Table 1: Regions of chronic pain Regions of chronic N (%) pain Masseter/buccinator 57 (76) Temporalis 67 (89) Lower border of mandible 14 (18.5) TMJ region 9 (12) TMJ: Temporomandibular joint Table 2: Subjective distribution of symptoms Subjective symptom distribution Temporal headaches Jaw pain in the masseter area Jaw fatigue on chewing TMJ area pain and noises Night bruxing
and night guards TMJ: Temporomandibular joint
was not associated with age, sex or education level, but was more common in people who claimed to experience daily stress and trouble at work.
Technically, he does not engage in grinding or bruxing
; he has a habit of pushing his mandible forward so that his mandibular (lower) teeth are anterior to the maxillary (top) teeth, then forcefully pulling his mandible back so that the lingual (back) surfaces of the mandibular incisors push up against the buccal (outside) surfaces of the maxillary incisors (Photo 3, page 32).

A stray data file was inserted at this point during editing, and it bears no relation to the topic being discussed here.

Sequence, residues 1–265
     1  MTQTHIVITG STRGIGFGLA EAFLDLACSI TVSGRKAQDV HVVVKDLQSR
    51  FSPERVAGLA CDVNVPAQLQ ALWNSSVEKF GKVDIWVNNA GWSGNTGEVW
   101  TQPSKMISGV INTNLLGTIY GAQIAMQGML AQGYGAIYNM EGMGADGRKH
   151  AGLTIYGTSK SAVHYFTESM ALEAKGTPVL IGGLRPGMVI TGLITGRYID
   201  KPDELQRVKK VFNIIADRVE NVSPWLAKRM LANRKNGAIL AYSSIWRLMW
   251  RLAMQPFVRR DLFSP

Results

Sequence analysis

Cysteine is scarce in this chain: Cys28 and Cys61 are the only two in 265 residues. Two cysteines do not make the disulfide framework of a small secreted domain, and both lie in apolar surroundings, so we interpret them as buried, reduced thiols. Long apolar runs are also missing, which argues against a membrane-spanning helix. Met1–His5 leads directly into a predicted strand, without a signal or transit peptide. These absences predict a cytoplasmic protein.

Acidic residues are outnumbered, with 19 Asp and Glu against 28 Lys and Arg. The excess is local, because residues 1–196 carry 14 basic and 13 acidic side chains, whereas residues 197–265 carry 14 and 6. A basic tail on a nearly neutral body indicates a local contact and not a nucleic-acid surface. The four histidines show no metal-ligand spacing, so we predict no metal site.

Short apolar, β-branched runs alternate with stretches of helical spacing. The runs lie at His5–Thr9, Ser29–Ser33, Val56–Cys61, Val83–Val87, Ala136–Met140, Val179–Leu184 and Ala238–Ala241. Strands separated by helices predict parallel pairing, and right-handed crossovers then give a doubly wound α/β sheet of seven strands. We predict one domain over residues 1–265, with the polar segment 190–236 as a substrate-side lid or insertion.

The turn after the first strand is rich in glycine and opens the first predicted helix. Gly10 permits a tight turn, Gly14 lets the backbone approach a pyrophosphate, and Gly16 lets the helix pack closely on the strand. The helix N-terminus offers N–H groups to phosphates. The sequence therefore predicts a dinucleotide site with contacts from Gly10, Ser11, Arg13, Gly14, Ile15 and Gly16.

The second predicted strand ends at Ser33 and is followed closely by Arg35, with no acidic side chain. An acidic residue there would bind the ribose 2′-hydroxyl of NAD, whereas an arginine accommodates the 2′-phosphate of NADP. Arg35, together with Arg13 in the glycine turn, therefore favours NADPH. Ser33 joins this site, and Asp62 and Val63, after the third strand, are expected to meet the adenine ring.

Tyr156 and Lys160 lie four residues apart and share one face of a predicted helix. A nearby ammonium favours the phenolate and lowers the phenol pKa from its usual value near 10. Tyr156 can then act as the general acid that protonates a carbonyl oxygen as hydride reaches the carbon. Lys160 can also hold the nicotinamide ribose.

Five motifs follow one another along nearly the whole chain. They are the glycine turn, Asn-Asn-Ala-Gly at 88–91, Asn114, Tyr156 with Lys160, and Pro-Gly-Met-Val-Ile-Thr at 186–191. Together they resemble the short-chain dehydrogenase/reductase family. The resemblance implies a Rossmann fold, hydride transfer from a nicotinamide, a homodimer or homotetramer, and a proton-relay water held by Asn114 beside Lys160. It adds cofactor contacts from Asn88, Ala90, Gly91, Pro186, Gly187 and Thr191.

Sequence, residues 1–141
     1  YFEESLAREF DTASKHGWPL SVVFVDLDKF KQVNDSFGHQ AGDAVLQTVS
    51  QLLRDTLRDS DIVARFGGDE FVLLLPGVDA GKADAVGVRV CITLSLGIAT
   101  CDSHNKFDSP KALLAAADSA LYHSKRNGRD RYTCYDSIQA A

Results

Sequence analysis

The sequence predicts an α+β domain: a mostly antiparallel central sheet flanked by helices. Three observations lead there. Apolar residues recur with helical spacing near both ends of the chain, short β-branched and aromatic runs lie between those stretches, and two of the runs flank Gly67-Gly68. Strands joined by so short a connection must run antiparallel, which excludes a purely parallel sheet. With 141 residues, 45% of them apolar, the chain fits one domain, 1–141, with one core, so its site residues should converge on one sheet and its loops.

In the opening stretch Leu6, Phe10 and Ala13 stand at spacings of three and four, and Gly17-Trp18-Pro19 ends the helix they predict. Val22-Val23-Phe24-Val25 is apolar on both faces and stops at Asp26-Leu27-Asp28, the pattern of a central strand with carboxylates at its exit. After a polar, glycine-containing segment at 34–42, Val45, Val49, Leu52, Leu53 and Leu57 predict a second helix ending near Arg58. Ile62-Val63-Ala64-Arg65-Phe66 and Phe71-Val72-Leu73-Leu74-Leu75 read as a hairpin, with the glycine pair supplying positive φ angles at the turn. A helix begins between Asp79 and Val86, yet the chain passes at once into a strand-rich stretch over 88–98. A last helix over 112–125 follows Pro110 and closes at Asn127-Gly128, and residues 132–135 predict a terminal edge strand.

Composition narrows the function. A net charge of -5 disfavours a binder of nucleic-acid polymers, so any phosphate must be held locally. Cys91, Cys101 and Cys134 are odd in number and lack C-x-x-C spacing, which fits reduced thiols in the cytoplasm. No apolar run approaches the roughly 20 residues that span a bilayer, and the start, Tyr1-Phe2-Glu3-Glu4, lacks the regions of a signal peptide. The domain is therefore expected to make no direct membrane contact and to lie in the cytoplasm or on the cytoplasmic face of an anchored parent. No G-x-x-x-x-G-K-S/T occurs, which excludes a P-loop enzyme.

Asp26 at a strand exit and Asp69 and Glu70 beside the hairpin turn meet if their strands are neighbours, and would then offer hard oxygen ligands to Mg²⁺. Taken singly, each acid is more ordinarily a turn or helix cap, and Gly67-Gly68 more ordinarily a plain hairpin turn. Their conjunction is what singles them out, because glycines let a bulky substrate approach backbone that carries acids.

is present, using a bruxing
splint to stop the clenching may lead the patient to stop pressing the tongue.
It also treats underlying myofunctional habits, tongue thrust, and bruxing
Wise believes that decreased bruxing
with SSRI use may be dose-dependent.
The computer controlled data acquisition system collects and graphically displays information such as magnitude, duration, frequency and patterns of bruxing
episodes while the patient sleeps.